Sometimes technology can be great for higher education, and sometimes it can be very, very bad. This was one of the latter incidents.

According to an article by Stacy Moniot in The State Journal:

West Virginia University’s Financial Aid office needed to tell 688 students that they are not qualified for financial aid in the coming school year. Instead, this message went out to almost 15,000 student email accounts Tuesday.

“A review of your academic transcript indicates that you have reached the limit on attempted credit hours and are no longer eligible for financial aid,” the e-mail states. “Any financial aid previously offered to you for 2011-12 academic year has been cancelled. Programs impacted by this policy include but are not limited to Federal Pell Grant, Federal Supplemental Educational Opportunity Grant, Federal Work-Study, Federal Perkins Loan, Federal Direct Student Loans, Federal Direct PLUS Loans, and some state aid programs.”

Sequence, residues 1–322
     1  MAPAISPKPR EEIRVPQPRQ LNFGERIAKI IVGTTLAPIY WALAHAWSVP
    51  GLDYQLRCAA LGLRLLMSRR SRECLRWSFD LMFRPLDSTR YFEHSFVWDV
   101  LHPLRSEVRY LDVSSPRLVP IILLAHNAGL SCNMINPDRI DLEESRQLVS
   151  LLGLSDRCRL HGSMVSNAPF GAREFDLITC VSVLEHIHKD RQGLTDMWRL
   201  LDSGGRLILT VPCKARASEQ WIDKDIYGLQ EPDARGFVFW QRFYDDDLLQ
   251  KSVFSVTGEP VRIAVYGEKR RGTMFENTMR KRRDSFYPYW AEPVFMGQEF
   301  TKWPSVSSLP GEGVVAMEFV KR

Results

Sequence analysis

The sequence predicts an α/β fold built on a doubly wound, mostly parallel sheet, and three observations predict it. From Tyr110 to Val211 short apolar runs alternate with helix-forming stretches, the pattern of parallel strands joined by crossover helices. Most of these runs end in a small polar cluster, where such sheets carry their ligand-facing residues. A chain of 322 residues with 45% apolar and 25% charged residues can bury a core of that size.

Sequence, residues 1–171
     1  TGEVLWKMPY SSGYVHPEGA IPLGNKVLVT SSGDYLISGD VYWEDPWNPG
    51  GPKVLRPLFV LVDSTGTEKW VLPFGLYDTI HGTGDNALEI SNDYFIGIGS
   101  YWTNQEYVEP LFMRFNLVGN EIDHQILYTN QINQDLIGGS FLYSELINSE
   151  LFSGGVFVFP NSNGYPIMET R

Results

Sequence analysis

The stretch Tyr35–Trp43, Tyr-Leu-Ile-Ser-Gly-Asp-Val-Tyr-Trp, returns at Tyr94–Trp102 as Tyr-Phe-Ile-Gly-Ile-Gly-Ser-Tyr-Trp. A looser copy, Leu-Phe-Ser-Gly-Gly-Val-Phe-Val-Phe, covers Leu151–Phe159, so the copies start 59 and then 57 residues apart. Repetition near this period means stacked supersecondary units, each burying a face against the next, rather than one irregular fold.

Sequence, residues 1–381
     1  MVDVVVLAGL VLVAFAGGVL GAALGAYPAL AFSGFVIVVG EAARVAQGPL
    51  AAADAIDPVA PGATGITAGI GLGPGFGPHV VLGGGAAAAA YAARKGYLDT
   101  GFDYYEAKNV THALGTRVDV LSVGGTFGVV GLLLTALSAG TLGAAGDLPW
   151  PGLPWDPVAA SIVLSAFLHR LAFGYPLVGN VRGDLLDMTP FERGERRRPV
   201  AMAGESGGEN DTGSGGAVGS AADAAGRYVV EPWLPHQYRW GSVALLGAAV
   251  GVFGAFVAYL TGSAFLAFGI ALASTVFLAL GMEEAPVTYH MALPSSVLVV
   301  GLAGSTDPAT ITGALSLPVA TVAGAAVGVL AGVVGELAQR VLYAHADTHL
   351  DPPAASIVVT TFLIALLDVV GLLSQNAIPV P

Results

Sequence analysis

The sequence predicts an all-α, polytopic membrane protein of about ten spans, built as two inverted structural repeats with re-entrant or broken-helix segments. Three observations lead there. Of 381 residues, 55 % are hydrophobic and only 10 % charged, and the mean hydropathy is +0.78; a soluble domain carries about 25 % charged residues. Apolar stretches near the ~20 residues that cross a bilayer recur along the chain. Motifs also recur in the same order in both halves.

While this message is administrative gobbledygook, what was actually going on here is that those 688 students hadn’t made enough progress, or earned enough credits, to still be eligible for the scholarships they were receiving.

The financial aid office, which had “no idea” why the school sent out the scary email to more than 14,000 students who weren’t actually impacted by the rule about credit accumulation, sent out a subsequent email explaining that “In most cases, you can be assured you are not impacted by the federal regulation that is referenced in the e-mail.”

How terribly reassuring.

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Daniel Luzer is the news editor at Governing Magazine and former web editor of the Washington Monthly. Find him on Twitter: @Daniel_Luzer